Rejection

It is ludicrous that no one in life has ever faced rejection.

We all know that rejection is inevitable at any stage of our life – whether it is breaking up, not considered for a scholarship programme or university admission, not getting our dream job, not able to grab certain opportunities that lead to life changing path etc.

Rejection is so normal. But my rejection experience this time round – failure to get an academic paper through second round of reviewing process – is a wake-up call to construct a new normal to this dreadful but inevitable human experience.

It is rejection again for God knows how many times since I started to hop on the game of academic publishing. Yes, I am deeply and enormously aware that advancing in academia has always been an unfair game. As a junior researcher, you do all the hard work, suck up most of the crappy stuff, and do not necessarily get the most credit. And without guiding light, the trial and error process takes longer than one could imagine. At times, this process is so dreadful and fraught with diminishing returns to both your precious time and your self-esteem. And time and again, as a human who yearns to be happy and free, I continue to question why is it that I continue to worship publication? What makes me unable to withstand the powerful persuasion of the prevailing mantra surrounding all graduate students that ‘you have to publish in order to be marketable’?

Publication is essentially a process that subject ourselves to multiple times of vulnerability of failure. Each rejection means pushing us yet again to the verge of self-doubt, just to pinch yourself hard and call yourself to be aware that this rejection is not an indication of your talent and ability at all.

However, do we have to subscribe to this publish or perish mantra?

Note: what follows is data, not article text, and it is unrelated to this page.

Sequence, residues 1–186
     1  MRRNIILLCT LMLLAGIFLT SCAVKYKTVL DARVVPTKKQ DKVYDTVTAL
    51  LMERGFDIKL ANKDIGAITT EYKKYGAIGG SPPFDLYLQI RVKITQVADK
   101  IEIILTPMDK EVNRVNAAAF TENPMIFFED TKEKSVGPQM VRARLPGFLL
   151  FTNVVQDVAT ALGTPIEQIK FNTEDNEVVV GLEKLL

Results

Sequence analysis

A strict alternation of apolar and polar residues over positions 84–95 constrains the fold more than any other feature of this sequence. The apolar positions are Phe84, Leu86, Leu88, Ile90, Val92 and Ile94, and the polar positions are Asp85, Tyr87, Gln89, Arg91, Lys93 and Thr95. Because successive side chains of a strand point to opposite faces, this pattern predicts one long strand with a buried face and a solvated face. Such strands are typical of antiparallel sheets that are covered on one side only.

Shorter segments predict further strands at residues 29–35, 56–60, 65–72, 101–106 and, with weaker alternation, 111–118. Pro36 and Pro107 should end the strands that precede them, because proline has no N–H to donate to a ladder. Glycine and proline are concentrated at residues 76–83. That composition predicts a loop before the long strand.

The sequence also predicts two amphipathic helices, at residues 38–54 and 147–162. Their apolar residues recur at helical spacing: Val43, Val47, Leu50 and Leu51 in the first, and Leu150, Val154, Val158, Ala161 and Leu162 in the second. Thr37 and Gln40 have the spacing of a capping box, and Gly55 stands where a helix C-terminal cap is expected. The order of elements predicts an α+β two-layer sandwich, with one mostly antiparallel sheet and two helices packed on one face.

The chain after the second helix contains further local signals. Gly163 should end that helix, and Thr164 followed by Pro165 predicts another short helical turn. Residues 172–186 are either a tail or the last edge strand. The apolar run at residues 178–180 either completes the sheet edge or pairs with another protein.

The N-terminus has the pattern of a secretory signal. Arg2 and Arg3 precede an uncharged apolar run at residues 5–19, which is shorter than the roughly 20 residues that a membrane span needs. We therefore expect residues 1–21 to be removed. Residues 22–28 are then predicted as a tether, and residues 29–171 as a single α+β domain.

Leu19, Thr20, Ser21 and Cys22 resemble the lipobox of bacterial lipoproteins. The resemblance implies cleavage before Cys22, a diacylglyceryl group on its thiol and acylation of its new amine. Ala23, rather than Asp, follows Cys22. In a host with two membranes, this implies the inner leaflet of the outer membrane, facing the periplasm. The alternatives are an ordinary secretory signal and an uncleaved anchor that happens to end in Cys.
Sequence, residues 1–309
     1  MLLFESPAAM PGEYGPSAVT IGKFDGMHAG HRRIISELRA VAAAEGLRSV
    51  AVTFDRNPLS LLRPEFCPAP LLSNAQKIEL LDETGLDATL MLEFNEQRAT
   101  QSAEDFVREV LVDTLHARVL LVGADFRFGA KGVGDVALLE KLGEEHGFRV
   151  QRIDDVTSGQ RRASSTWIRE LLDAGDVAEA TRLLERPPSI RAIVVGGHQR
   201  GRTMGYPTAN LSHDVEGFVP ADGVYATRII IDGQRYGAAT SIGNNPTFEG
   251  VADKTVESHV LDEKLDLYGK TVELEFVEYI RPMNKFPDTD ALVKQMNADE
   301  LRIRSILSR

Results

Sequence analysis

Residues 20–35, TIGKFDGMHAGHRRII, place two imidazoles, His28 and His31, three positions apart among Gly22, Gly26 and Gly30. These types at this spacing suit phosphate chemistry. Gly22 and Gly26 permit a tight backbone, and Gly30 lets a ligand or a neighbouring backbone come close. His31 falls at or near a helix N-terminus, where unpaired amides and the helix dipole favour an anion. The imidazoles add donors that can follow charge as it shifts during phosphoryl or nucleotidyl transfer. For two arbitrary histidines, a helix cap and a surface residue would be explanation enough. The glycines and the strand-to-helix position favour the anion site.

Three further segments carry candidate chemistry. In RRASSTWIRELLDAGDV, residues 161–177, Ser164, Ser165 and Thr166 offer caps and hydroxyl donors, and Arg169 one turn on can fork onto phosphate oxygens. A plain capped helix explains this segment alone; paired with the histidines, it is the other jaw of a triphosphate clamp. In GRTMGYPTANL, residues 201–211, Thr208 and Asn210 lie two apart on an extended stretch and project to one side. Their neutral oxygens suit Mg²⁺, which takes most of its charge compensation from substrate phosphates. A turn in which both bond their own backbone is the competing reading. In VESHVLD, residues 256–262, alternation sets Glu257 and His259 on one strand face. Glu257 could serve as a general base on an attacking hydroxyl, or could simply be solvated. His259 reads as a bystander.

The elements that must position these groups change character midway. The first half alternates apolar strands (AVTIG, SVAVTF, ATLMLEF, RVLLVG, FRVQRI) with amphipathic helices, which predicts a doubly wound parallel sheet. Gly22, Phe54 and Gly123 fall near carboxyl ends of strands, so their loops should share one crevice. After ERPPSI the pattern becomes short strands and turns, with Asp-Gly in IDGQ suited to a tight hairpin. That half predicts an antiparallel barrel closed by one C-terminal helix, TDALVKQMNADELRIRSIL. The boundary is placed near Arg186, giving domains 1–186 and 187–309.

I remember when I decided to put up that application to the Chevening Program and University of Oxford four years ago, my heart was dying to get out of a job that no longer excites me, instead a process that feels dampening my spirit to learn and grow. I was already feeling disinterred with the mundane and repetitive administrative work that I already think can be and will be automated one day, instead of availing myself time to engage in more innovative projects, such as crafting new research projects that I could potentially conduct in order to push our practice to greater heights. I thought of going back to school again at that time. I yearned for intellectual stimulation so much after leaving HKU. And I thought it would be cool to have a doctorate to accumulate more credentials and legitimacy to apply for research grants when I am back to the same job.

However, over time, you feel swayed by the currents of striving for excellence all the time in order to perform and meet expectations, fundamentally, because we are all so afraid of losing out in the game, far from just being judged and being perceived lowly. Academia, at least, in where I am now, is a game for conformist. At least I still believe that no matter where you are, as a young academics, at the beginning, one has to be a conformist because that’s how the game works.

Time to stop rambling. Just have to pick myself up again, write that one appeal letter to defend what has been misconstrued by the reviewer. And then, think again, where we should be targeting our paper next to eventually find a home for a piece of work that has taken up so many hours of labour. The test for endurance and hard work can be more challenging than I first thought.

Comments

Popular posts from this blog

Present moment wonderful moment

Contemplation on karma

A letter to the younger me